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10/11/2017

Xathrodox86 reviews: "Iron Company" by Chris Wraight

"The Empire Army" series is quickly becoming one of my favourite set of books from the Black Library, and "Iron Company" by Chris Wraight is a perfect reason why it is so.

Chris Wraight is a terrific writer, in my humble opinion. Although I mostly know him from the 40K and "Horus Heresy" series, he also did quite a lot of stuff for the venerable Warhammer Fantasy. Tales about Kurt Helborg and Ludwig Schwarzhelm, the arcane "Masters of Magic", and epic tales of Luthor Huss, are just some of his contributions to the Old World. Among them is the "Iron Company", book two in the "Empire Army" series, and one that I can't recommend enough, as it is that good.

"Three things make The Empire great - faith, steel and gunpowder!" - Magnus the Pious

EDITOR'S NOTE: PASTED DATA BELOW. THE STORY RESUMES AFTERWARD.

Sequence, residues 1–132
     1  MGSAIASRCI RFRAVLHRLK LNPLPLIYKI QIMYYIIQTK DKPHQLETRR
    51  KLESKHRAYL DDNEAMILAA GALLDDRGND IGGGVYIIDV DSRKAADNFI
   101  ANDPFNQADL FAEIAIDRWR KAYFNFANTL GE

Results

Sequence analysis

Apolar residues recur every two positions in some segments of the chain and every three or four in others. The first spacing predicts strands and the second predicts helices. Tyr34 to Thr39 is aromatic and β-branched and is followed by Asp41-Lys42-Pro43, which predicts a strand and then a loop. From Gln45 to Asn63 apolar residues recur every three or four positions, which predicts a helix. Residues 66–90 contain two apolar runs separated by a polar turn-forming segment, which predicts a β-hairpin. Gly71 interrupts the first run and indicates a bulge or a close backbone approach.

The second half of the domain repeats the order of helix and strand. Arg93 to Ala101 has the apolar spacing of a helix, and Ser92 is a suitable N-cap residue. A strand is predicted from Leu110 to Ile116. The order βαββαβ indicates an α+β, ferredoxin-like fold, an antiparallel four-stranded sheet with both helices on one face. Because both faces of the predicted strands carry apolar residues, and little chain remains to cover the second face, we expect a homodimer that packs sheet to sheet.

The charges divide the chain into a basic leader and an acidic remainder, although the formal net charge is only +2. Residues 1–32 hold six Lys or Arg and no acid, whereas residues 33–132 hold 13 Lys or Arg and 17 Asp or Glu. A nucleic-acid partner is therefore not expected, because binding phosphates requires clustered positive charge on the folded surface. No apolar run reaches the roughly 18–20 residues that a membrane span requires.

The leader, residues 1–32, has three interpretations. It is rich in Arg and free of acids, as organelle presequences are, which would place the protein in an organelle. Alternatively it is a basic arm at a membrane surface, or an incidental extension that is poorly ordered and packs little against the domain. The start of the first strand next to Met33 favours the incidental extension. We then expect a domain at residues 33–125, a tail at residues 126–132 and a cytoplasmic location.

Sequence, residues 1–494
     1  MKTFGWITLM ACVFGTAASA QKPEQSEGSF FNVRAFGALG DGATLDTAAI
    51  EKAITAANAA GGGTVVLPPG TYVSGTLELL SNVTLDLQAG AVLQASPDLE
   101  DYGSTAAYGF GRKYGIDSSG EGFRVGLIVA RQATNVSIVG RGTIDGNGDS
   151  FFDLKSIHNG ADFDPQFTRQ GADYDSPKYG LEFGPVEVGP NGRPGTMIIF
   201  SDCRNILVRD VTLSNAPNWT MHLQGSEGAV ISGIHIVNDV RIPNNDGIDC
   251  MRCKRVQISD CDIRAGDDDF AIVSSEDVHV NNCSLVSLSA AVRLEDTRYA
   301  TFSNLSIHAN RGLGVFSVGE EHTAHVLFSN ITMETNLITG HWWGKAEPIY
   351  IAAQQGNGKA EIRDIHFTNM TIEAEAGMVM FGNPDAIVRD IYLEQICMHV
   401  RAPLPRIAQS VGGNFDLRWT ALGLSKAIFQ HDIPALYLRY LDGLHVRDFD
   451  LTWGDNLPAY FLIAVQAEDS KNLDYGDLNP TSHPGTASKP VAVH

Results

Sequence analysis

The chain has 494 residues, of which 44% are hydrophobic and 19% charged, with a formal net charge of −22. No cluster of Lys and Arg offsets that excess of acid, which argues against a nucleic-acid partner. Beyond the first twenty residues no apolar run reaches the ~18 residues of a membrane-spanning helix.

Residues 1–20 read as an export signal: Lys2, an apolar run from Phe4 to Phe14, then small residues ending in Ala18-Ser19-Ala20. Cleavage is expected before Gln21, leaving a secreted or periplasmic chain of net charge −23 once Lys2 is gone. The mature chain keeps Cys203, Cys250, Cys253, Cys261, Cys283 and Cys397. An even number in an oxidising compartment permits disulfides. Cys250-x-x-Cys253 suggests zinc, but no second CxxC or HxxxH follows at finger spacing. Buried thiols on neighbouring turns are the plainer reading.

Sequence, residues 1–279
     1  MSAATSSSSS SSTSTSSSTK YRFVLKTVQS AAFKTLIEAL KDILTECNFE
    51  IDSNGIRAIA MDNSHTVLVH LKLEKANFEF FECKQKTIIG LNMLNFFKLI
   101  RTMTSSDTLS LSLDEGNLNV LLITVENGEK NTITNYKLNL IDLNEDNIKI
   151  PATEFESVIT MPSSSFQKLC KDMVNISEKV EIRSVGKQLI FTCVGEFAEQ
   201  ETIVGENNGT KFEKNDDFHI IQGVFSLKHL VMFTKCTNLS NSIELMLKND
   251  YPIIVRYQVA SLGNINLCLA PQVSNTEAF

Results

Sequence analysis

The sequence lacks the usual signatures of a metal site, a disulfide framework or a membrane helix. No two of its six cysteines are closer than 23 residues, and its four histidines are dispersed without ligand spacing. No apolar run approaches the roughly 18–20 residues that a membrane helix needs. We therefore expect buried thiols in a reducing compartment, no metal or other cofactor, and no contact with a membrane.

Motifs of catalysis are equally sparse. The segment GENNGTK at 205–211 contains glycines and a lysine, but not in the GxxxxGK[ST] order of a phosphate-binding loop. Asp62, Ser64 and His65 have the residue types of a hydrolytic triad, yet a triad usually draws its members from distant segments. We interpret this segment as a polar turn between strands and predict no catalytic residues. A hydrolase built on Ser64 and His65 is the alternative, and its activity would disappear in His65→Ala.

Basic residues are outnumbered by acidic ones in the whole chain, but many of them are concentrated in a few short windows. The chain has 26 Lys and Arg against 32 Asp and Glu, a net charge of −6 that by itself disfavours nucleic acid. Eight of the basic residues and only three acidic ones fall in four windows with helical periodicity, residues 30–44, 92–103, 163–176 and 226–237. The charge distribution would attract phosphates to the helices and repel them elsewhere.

Magnus Ironblood is an ex-engineer, who now finds solace at the bottom of a bottle. Living in the shadow of his legendary father, who was one of the most respected engineers in the history of the Empire, Magnus now wastes the last of his coins on cheap drink, while trying to feel as miserable as possible. From the very beginning I've felt an intense sympathy for this character. He's a middle-aged drunk, who's a weak shadow of his former self. I don't know about you, but the "invincible hero" type really bores me to death, as of late. For Wraight to essentially make his main hero an alcoholic, was a bold and risky move. However Chris managed to write this character splendidly and not only is he believable, but his condition also plays a major role throughout the whole book. It is also the first time, that I saw a person with such a dependency as a main hero of a story, set in the Warhammer universe. Sure, Gotrek and Felix used to drink a lot, but the reader never felt that they are actually balancing on the edge of addiction. Magnus Ironblood is an addict, and that fact truly brings a lot to the story.